Green space and parks in urban environments provide a range of ecosystem services and public benefits. However, planners and park managers can lack tools and resources to gather local information on how parks are used and what makes them desirable places for recreation and a wide variety of uses. Traditional survey methods to monitor park use and user preferences can be costly, time consuming, and challenging to apply at scale. Here, we overcome this limitation by using geotagged social media data to assess patterns of visitation to urban and peri-urban green space across park systems in the metropolitan area of the Twin Cities, Minnesota, USA. We find that parks with nearby water features, more amenities, greater accessibility from the presence of trails, and that are located within neighborhoods with higher population density, are associated with higher rates of visitation. As cities grow and shifts in demographics occur, more responsive management of public green space will become increasingly important to ensure urban parks provide ecosystem services and meet users’ needs. Using social media data to rapidly assess park use at a lower cost than traditional surveys has the potential to inform public green space management with targeted information on user behavior and values of urban residents.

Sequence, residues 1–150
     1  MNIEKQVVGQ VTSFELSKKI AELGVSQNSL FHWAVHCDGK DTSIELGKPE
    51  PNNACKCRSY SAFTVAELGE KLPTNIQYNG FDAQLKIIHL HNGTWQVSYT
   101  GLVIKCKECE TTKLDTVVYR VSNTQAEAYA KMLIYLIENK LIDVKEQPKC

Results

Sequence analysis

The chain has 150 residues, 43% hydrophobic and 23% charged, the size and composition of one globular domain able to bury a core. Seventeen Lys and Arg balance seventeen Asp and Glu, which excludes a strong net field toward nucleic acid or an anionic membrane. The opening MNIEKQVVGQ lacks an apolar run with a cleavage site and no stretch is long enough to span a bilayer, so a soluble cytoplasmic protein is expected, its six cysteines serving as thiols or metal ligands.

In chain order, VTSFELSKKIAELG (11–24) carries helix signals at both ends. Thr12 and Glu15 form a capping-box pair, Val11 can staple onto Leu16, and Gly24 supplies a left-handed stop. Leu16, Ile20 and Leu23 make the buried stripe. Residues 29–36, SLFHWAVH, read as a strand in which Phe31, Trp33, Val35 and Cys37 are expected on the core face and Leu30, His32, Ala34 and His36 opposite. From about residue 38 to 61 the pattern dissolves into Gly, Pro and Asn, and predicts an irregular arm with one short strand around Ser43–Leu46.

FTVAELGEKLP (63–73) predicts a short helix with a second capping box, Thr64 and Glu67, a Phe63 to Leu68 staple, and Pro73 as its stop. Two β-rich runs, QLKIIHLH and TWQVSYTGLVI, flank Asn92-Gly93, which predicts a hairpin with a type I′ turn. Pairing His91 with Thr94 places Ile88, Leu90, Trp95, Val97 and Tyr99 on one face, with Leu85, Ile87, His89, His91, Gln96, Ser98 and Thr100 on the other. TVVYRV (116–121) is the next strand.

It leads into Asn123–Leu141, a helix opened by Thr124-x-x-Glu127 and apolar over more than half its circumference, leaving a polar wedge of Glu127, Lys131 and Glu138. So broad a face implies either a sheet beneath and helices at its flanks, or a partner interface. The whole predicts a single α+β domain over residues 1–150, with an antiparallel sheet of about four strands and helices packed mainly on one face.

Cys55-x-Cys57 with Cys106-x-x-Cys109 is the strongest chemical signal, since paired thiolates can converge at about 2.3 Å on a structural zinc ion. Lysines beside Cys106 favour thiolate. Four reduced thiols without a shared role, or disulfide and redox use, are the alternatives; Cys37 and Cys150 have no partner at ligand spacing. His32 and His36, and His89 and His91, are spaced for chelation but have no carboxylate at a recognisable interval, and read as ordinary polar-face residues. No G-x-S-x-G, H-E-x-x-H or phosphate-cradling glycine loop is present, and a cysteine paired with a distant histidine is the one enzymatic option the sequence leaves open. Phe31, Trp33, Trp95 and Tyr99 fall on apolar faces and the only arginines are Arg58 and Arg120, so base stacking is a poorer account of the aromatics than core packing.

Bibliographical noteFunding Information:
We thank park agency staff from the Metropolitan Council, City of Saint Paul, Minneapolis Park and Recreation Board, Hennepin and Ramsey counties, and Three Rivers Park District for valuable data and input during the development of this study. We also thank C. Shepard and L. Kne from University of Minnesota (UMN) U-Spatial for assistance in supervised land cover data classification and processing. We appreciate valuable comments and suggestions from Natural Capital Project partners during analysis and writing, as well as three anonymous reviewers who helped improve this manuscript. Financial support for this work came from the UMN Institute on the Environment (IonE) Sustainable Cities Discovery Grant and the National Socio-Environmental Synthesis Center (SESYNC) under funding received from the National Science Foundation DBI-105287. TM’s participation was supported by the Urban Resilience to Extreme Weather-Related Events Sustainability Research Network (URExSRN; NSF grant no. SES 1444755). Appendix A
- Cultural ecosystem services
- Green space
- Park use
- Spatial analysis
- Urban planning